I recently had lunch withPaul Gillin as part of our InkHouse interviews with journalists program to discuss industry trends and PR tips. Paul describes his business model as “hybrid,” since he spends part of his day as a journalist and other half as a marketer. He is currently enterprise editor at SiliconANGLE, and a partner at Gillin and Laberis where he is a speaker, writer and B2B content marketing strategist.
Q: How do you think tech news is being influenced by the new White House Administration?
For most of my career, information technology has been seen as a good thing, but now I am hearing more discussions around federal policies and the potential negative impact of technology on society. For example, if the ISP data restrictions on privacy are rolled back, giving those companies the opportunity to sell web data, it will have far-reaching consequences. This policy is driving discussions about how to protect yourself online because of the potential for misuse of data for profiling or ways the government could meddle in our affairs by monitoring us. This is fueling anxiety about privacy and the misuse of private data. As people have become more familiar with information technology, they’ve also become more suspicious of it.
Q: What are your biggest predictions for 2017/2018 for enterprise tech?
Machines are getting smarter, quicker. The way we interact with machines will continue to evolve, and it will be interesting to see which jobs machines supplant most quickly. AI and robotics are beginning to take over knowledge worker jobs.
The way humans interface with computers will change, making technology a more seamless part of our lives. Google Glass got a bad rep, but the idea of a constantly available, conveniently accessible digital assistant is powerful. In the future, we will be able to use Google Glass or a similar technology to access information at our fingertips, replacing today’s rather awkward phone metaphor.
Fake news, trolling and the way tech is being co-opted in negative ways will continue. I expect a backlash against technology. It could be an event like Chernobyl where a major miscarriage of technology invades people’s privacy. Privacy will be a bigger issue as computers become more pervasive and invasive.
Q: What types of stories are you most interested in doing?
I like to speak with people who are passionate about what they do and about how they are changing the world. I also like offbeat stories that combine human interest with a technology dimension. For example in April (National Autism month) I wrote a piece about how autistic people can make great software testers because of their often remarkable ability to focus on details and process.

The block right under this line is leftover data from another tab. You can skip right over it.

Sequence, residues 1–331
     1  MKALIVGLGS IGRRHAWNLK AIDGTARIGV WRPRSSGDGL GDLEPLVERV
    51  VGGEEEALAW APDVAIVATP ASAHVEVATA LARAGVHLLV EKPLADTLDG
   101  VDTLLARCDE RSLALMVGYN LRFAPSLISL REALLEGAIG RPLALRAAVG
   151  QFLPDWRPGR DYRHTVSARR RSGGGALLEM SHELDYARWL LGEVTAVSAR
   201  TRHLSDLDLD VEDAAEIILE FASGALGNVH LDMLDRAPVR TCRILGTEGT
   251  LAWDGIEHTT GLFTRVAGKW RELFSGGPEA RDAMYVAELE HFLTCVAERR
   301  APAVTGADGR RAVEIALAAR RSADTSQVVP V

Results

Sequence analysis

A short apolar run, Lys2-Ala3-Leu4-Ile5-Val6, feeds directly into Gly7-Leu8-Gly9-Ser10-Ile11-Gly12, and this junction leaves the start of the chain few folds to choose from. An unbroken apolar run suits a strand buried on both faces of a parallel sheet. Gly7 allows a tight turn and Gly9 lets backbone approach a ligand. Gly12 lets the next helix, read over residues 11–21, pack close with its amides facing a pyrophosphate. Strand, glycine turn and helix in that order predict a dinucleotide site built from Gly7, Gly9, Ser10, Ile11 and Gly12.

I am always interested in hearing how a product works but if you want coverage, give me a referenceable customer. Few public relations people do that. They tend to be very focused on just the product.
Q: What are your worst PR pet peeves?
Badgering: PR people frequently follow up to be sure I saw their email. Rest assured that I did. You can license cheap services to tell you that automatically. I get 30-40 pitches a day. No response is a response.
Disrespect: When they don’t respect my time and send a 1,000-word pitch letter. Sometimes they will send multiple copies of the same pitch.
Not providing an image: Less than five percent of press releases Paul receives include images, despite the fact that every news story needs an image associated with it. Posts with images get more views. Not sending illustrative material to complement your press release is missing a simple opportunity.
Under-delivering on expectations: PR people often pitch me on topical conversations, but when the call begins it quickly becomes evident that the executive has no idea what the pitch was. So they talk about their product. This wastes my time and engenders no goodwill.
Phone calls: Email is a great form of communication. It enables me to think through a response and send it on my own time. A phone call is an intrusion. Unless it’s a full-on emergency, send email.
Fluff: Pitches that are full of gobbeldy gook, or meaningless language. I teach language classes. Words and phrases that insinuate themselves – like “best of breed,” “user-friendly,” “intuitive” and “industry-leading” mean nothing without evidence.
Lack of third-party validation: It’s important to support claims with facts. Don’t tell me you’re great. Quote a Gartner analyst saying you’re great.
To learn more check out his "Best & Worst PR Practices" a webinar to help public relations professionals better represent their clients and build lasting relationships with journalists.